My grandkids were excited about staying at the Clown Motel even if it wasn’t of “It” fame. They sort of gave me a suspicious look though when I told them that if they wanted to look out the window at the graveyard, make sure their mom or dad looked first—no telling what might be looking back. My son kind of groaned and I felt kind of, well, I guess not. When we stayed at the Clown Motel my 9-year old grandson turned on all of the room lights and the bathroom light.
Though my grandkids and I visited the Haunted Graveyard that night and in the morning, nothing untoward occurred. I guess all of the happy clowns kept—other things—at bay.

Photographing at the Car Forest was fun. There are some 40 cars, trucks, and buses partially buried on several acres of land just south of Goldfield. The Car Forest is visible from Highway 95, the road to Reno, Nevada. It is an ongoing art project; and artists are welcome to visit and decorate the vehicles. It does make for a different and exciting art project in the Nevada landscape.
As the twilight descended on us we began working on photographing a pair of vehicles beneath the Milky Way that rose into the night sky. I had photographed at night before, but it was always something of a hit or miss affair. That night I took enough notes and learned enough that I’m certain that with more practice, someday I’ll become pretty good at photographing beneath the stars. And when I had enough photographs, we headed for Tonopah and the Clown Motel to spend the night.

            As I had told my son before we journeyed to Tonopah, we probably didn’t have to worry about taking any anti-ghost precautions. We would only have to take precautions if something followed us back from Tonopah. My son looked at me and I felt—well, actually, no. I laughed.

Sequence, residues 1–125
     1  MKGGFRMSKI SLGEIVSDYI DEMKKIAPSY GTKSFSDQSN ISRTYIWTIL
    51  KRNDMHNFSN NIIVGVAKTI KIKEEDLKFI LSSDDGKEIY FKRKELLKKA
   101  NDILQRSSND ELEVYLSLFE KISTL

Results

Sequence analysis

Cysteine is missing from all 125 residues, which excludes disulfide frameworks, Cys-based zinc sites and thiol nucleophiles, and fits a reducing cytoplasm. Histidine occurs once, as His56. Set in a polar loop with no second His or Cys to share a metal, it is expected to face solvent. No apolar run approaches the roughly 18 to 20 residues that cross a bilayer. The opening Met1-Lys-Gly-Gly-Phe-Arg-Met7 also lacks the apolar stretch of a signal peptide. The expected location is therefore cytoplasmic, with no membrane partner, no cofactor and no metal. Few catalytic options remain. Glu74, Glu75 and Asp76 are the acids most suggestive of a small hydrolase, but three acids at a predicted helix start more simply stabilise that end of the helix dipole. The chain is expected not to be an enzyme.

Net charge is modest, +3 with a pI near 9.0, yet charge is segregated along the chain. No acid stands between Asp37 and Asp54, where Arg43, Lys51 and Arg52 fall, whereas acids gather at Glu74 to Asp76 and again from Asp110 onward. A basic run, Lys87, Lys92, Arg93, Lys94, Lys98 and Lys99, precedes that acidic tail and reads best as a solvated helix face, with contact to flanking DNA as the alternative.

PS: The next day we stopped at Gemfield near Goldfield, where the grandkids looked for gems near the abandoned mine. And further south we stopped briefly at the ghost town of Rhyolite, near one of the entrance roads to Death Valley.


                                                                       * * * *                                       

TAG LINE: You can run, but what if you find yourself aboard a space faring Flying Dutchman?

BLURB: Luther Raynor is a son of one of the world’s wealthiest and politically influential families. When the Etava Virus appeared and spread across the world, mankind’s very survival was in question. Luther used his family’s wealth to construct a sleeper spacecraft to take the family into space, to orbit in safety around Jupiter for a thousand years while in suspended animation. At the last minute he changes the plan after calculating that upon awakening, survival supplies for one would last far longer than for two dozen or more people. He flees into space alone except for the Mobile Artificial Intelligence Image—May, responsible for operation of the spacecraft. But, Luther had no idea of what awaited him out there.

EXCERPT: The dream was always the same. He was floating alone in an unknown darkness until a pale dot emerged in the distance. He wrinkled his nose at the smell of burning wood and something else, something that smelled like sizzling bacon. His hand opened, fingers spread wide toward the dot that became a blue-green world, blanketed with dirty white clouds that sailed across a starry blackness. Dark, smoky clouds with a flickering yellow heart trailed the world whose colors were fading as if losing their vitality. An unfamiliar low, deep keening sounded from an unexplored deep…

* * * *
            “This is the Deep Space Sleeper Spacecraft Hope. Can anyone hear me?” After several moments of silence he closed with the by-now routine, “Hope out.”
In the cramped dimly lit cockpit cabin Luther Raynor covered his mouth with a trembling hand. Beyond the surrounding windows above the numerous instrument panels was a primordial night deeper than that of an unlit cave.
He listened intently. Beyond the dull hiss of circulating air he knew a stealthy creak issued from the narrow corridor through the open hatchway behind him. The sound would have been more at home on a haunted wooden sailing ship drifting aimlessly on a mysterious ocean rather than in a brightly lit spacecraft of which he was the only occupant. He was sure, after several frantic searches, that he was the only one aboard. But still…